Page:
Newspaper investigations into governmental corruption or social ills have produced three Pulitzer Prizes for theand one each for the former and . Recognized as the highest honor that can come to a newspaper, the awards to the and the were for “the most disinterested and meritorious public service rendered by an American newspaper during the year.”
In 1928, thewon a Pulitzer for exposing Ku Klux Klan-connected political corruption in Indiana. The received the award in 1932 was for a campaign to reduce waste in city and county governmental management and to lower tax levies.
The‘s 1975 Pulitzer was given for “local specialized reporting” and honored a three-member investigative team that disclosed local police corruption and lax law enforcement. Recognition of the in 1991 was for the “investigative reporting” of two reporters on medical malpractice in which repeat offenders escaped discipline by licensing authorities. The Star’s third Pulitzer Prize came in 2021 after a team of reporters, photographers, visual journalists, and editors led an investigation into police dog bites.
The foremost Pulitzer accomplishment was that of the, whose disclosures shook the foundations of city and state government. Its articles revealed the influence of , Grand Dragon of the Indiana , over local and state Republican administrations. editor Boyd Gurley directed investigations conducted primarily by reporter Frank J. Prince. Prince’s most notable revelation concerned a $10,000 bribe offered by Secretary of State Ed Jackson to Governor Warren T. McCray if he would appoint a Klan-connected lawyer as Marion County prosecuting attorney. McCray refused. At the time of the exposure, Jackson was governor of Indiana. He was indicted by a Marion County grand jury but the statute of limitations had expired.
Thealso produced evidence under which Indianapolis Mayor was indicted and convicted of violating the Corrupt Practices Act. He resigned as mayor. Six city councilmen were indicted on charges of accepting bribes and later pleaded guilty to lesser charges, paid fines, and resigned their offices.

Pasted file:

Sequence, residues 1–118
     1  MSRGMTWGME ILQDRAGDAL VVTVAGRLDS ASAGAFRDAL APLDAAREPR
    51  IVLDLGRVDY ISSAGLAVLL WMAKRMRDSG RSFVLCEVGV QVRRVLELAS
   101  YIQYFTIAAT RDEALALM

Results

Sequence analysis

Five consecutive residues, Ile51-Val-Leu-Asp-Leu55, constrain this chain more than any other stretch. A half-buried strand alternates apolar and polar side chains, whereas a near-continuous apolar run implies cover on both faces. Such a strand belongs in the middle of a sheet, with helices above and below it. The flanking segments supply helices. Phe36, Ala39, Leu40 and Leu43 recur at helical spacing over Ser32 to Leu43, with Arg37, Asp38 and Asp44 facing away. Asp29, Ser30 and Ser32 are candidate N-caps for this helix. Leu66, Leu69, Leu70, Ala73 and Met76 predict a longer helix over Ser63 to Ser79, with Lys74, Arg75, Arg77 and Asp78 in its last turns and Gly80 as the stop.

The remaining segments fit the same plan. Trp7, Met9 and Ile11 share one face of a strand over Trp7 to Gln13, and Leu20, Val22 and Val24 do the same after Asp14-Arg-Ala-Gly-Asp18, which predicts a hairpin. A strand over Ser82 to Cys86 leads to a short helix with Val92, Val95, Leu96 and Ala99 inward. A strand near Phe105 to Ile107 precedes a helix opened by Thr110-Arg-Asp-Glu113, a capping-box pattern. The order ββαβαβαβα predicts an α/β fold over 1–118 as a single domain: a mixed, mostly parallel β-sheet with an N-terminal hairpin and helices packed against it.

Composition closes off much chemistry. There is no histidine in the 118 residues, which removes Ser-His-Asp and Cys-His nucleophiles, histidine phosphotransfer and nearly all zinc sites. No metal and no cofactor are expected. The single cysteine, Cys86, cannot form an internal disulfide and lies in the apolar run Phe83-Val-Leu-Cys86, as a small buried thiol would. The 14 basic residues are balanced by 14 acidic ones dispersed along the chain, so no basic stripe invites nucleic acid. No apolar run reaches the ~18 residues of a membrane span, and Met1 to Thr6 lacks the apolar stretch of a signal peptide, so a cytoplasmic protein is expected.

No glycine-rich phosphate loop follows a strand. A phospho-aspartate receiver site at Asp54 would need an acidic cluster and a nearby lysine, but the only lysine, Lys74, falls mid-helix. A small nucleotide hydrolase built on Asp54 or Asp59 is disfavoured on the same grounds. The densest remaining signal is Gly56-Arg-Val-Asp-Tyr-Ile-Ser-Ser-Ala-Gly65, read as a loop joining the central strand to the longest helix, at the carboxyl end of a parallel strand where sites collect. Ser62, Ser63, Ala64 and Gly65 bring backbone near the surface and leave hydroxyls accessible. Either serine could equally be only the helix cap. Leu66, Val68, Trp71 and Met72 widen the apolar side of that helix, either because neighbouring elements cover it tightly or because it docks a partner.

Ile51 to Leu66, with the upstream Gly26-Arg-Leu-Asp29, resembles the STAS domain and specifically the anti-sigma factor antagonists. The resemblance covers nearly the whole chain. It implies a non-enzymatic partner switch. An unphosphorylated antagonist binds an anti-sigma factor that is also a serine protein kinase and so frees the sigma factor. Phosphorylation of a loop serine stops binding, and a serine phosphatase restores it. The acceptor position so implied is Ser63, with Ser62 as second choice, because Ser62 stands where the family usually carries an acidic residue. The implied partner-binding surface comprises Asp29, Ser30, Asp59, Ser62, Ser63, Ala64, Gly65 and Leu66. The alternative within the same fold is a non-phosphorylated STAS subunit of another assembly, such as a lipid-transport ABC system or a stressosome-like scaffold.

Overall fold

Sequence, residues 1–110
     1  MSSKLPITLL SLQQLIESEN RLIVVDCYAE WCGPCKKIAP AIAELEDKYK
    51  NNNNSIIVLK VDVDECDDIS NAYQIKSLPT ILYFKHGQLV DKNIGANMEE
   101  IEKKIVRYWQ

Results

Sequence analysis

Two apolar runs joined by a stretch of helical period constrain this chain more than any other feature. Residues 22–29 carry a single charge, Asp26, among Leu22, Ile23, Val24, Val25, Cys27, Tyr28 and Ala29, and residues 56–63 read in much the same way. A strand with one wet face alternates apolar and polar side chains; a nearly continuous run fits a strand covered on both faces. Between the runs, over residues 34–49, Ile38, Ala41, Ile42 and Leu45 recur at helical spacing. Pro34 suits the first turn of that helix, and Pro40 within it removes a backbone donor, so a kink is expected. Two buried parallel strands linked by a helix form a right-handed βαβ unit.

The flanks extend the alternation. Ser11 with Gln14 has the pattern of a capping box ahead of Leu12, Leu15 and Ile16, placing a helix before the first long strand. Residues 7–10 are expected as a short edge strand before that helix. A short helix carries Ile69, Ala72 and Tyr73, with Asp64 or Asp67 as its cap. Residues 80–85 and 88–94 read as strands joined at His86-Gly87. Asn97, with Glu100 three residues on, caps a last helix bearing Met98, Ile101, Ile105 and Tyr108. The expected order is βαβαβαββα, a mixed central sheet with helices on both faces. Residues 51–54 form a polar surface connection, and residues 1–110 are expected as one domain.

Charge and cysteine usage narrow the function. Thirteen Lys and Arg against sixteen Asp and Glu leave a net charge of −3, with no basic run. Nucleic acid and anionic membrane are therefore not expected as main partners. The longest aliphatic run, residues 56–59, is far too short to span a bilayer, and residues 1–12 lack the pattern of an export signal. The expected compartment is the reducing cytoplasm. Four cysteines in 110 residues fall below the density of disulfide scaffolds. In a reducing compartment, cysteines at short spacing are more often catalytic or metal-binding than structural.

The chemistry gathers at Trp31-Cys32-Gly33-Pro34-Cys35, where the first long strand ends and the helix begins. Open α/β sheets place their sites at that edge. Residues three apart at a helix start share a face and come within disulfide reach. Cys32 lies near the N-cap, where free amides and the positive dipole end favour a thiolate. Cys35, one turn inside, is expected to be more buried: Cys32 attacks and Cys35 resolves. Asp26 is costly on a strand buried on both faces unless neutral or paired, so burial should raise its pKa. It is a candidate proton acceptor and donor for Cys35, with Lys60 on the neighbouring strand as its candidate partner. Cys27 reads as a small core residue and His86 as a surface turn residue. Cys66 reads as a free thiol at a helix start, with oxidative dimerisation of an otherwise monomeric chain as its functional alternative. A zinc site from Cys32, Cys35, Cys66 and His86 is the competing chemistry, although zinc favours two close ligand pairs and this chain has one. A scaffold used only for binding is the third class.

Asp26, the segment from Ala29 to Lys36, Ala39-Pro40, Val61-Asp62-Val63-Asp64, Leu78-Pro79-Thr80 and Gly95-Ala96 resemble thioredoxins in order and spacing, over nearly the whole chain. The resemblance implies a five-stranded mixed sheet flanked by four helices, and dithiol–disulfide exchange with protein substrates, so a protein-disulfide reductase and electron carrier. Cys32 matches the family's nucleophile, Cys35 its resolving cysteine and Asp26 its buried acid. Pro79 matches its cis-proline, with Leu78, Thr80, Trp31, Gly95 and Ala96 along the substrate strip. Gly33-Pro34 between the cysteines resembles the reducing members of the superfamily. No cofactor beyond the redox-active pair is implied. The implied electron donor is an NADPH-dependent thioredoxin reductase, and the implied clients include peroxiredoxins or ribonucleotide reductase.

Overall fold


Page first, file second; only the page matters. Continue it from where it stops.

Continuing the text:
The1930-1931 campaign for better government, based on extensive studies of city and county budgets and tax rates, revealed wasteful management practices. Reporters under city editor Wayne Guthrie disclosed wide variations in the cost of similar services by one unit of government compared with another one. The efforts of the led to budget changes in 86 counties that saved taxpayers approximately $12 million over two years.
The‘s first Pulitzer Prize came in 1975 after a secret, six-month investigation by reporters William E. Anderson, Harley R. Bierce, and Richard E. Cady. Their story series alleged police corruption in areas of prostitution, bootlegging, narcotics, gambling, and other areas of law enforcement. Results noted by the included reorganization of the police department and the election defeat of Noble R. Pearcy, the incumbent prosecuting attorney.
The 1991 Pulitzer recognized the investigative reporting ofreporters Susan M. Headden and Joseph T. Hallinan. Their stories documented medical malpractice cases in which a small number of Indiana doctors had lost multiple civil suits against them but suffered no later form of punishment from licensing authorities. Following the awards, the reporters noted that their articles apparently had had no effect on the system.
The 2021 award followed an investigation the previous year that explored theuse of K9s. It found the department had the highest rate of dog bites among police departments in the largest 20 U.S. cities. The journalists involved were reporter Ryan Martin, photojournalist Mykal McEldowney, graphics reporter Stephen Beard, and Alvie Lindsay, news director overseeing investigations.
Two other Pulitzer awards have gone to Indianapolis figures. A dramatic photograph of a crazed Anthony Kiritsis holding realtor Richard Hall hostage at gunpoint won a Pulitzer Prize for spot news photography in 1978 for John H. Blair, a free-lancer for the United Press International at Indianapolis., the ‘s editorial cartoonist since 1947, won the Pulitzer Prize for editorial cartooning in 1939 when he worked for the of Oklahoma City, Oklahoma. His subject was Hitler’s march into the Sudetenland.